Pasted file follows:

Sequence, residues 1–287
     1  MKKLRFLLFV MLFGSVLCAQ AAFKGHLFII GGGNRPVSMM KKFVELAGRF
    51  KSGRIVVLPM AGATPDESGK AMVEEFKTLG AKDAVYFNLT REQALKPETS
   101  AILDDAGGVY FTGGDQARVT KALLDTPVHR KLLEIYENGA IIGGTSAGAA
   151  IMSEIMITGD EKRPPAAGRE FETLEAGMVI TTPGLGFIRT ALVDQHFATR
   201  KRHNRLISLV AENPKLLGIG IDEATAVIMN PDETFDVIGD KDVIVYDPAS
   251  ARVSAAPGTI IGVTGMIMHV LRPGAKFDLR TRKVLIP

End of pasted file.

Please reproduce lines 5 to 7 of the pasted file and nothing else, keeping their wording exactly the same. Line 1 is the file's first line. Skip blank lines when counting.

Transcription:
   151  IMSEIMITGD EKRPPAAGRE FETLEAGMVI TTPGLGFIRT ALVDQHFATR
   201  KRHNRLISLV AENPKLLGIG IDEATAVIMN PDETFDVIGD KDVIVYDPAS
   251  ARVSAAPGTI IGVTGMIMHV LRPGAKFDLR TRKVLIP